Have you ever been faced with a massive book a client has hired you to write and sat there wondering how you are ever going to get it done? Perhaps you try to get an outline together and don’t find it easy to figure out what will go into the book or how it will be organized.
Or maybe, you have a couple of projects where clients are requesting a single article or two and that’s it. You’d need to string a bunch of these together to feel like you’re doing enough work and earning enough money.
There are so many types of projects as a freelance writer. And if you’re like me, you do it all. But do you have a preference? Do you work better on smaller projects than bigger ones or vice versa?
Well, you might know which you like better and you might not. Either way, there are some things to consider when it comes to working small projects or big ones.
1. Your Personality
By “personality” I mean are you a starter or do you really like to dig in and go all the way? Many people are great starters, but if it takes to long to finish something, they get bored and want to move on to the next “start.” I am one of these people. I love the energy of starting something new, but my enthusiasm fades if it takes too long.
In the early years of my freelance career, this made me prefer smaller projects. One-off articles or clients that wanted one or two articles a week. Do I do larger projects? You bet. I have written books and eBooks, reports, and white papers for clients. I have taken on projects with a deliverable of dozens of articles or hundreds of product descriptions.
But here’s the thing…
Over the years, I have gotten better at getting those large projects done. I have learned how to stick with something, to see it through to the end — and enjoy doing so. And that’s a good thing because it’s important to consider…
2. Cash Flow
With small projects, you do the job and get paid and you’re done. Period. Sure, the same can be said for larger projects, but with those the paycheck is higher. And since larger projects are set up in terms of milestones (or at least they should be), you will have money coming in regularly, which is ideal in terms of cash flow. Plus, the more large, high-paying projects you have, the fewer projects you have to hunt down each month.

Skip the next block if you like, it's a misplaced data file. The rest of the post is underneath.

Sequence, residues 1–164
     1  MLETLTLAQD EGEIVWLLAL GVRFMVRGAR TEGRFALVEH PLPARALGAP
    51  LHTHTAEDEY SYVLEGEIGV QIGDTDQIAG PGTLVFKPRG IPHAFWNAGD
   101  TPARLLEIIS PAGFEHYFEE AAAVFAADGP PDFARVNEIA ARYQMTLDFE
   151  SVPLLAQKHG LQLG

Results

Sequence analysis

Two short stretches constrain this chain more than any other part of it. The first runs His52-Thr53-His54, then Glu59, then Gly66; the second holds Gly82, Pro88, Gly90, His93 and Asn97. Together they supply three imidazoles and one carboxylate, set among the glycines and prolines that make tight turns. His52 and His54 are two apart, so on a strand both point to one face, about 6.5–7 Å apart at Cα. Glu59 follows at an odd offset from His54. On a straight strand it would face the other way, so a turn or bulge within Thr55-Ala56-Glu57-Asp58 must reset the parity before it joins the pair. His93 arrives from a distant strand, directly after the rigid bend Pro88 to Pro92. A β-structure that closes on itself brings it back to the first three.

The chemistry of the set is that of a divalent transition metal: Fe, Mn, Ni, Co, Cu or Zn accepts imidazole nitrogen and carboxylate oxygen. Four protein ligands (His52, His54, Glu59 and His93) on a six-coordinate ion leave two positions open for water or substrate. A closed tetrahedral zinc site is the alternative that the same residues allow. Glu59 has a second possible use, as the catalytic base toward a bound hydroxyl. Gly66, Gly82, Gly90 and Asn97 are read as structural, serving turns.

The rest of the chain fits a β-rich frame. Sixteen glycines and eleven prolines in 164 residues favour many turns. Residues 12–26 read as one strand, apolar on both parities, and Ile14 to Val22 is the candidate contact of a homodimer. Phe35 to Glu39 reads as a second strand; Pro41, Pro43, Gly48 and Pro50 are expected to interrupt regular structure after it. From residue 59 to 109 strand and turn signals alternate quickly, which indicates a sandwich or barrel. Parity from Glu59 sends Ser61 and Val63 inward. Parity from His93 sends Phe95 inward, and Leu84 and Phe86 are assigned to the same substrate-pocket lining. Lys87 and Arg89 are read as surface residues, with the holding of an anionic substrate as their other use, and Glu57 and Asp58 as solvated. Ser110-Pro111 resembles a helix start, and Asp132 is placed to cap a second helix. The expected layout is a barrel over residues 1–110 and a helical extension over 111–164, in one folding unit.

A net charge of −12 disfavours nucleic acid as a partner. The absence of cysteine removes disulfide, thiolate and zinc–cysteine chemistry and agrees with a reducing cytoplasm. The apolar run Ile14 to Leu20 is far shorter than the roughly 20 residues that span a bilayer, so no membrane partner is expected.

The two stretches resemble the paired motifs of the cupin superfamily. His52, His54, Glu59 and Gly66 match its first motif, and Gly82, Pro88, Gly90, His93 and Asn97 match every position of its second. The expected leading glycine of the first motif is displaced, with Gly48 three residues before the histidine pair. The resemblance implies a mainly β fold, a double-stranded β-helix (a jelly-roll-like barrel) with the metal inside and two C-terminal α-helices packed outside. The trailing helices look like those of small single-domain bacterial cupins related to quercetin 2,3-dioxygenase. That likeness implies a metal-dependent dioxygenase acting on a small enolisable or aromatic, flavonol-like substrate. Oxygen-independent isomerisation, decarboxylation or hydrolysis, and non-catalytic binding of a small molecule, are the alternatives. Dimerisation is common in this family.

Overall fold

Having said that, you can often charge more per word for smaller projects. If you write a one-off article, you might charge 15 cents per word, but if you are writing 2 articles weekly, you might charge only 12 cents. One the other hand, if you are writing a book, you might only charge 10 cents per word.
Personally, I don’t like one-off projects because I just don’t feel like they are worth my time and effort. I like regular clients that give me work every week and projects that I know will pay me a decent fee overall. My ideal is writing lead magnet reports, which I do for anywhere between 3 and 10 clients per month.
These reports are around 4,000 words each and I can often upsell the client to also have me do their cover, a more visually appealing or even custom report layout, and additional pieces of content. It’s a fabulous balance between small and large projects and it pays well.
Do you like planning things out in meticulous detail? If so, larger projects might be your preference. When you write a small article of 500-1,000 words, you don’t have a ton of planning to do. Personally, I don’t need to even outline something this small. I just start researching and writing.
But the larger the project is, the more planning is needed. You need to do preliminary research. You need to plan a detailed outline. You might have to go back and forth with the client to get that outline ironed out. And there will be a lot more back and forth as you submit portions of the project. If you thrive on this kind of stuff, then large projects are for you. If not, maybe stick with small projects.
4. Fewer Changes
When you are working on a single article project, even multiple articles, with each article submitted, you might not even have any revisions to do. And if you do have revisions, they probably won’t amount to much. Also, the client is less likely to change the scope of the project or change their mind on the content.
With a larger project, the chances you will need to do revisions are much greater. And the chances that the client will change direction are greater. Although, a good client has the project well though out before hand, and IF they make changes, they give you plenty of warning and will pay you extra, particularly if you’ve already written the relevant content.
In the end, you will have to feel things out and decide what’s right for you. I suspect, if you’re like me and perhaps most freelance writers, you’ll take what you can get when you can get it. This is especially the case if you are new to freelancing.
However, it’s worth taking the time to consider the type of project — small or large — you enjoy doing more. If you do have a preference, focus on finding those types of projects whenever possible. This might make your freelancing experience that much more enjoyable 🙂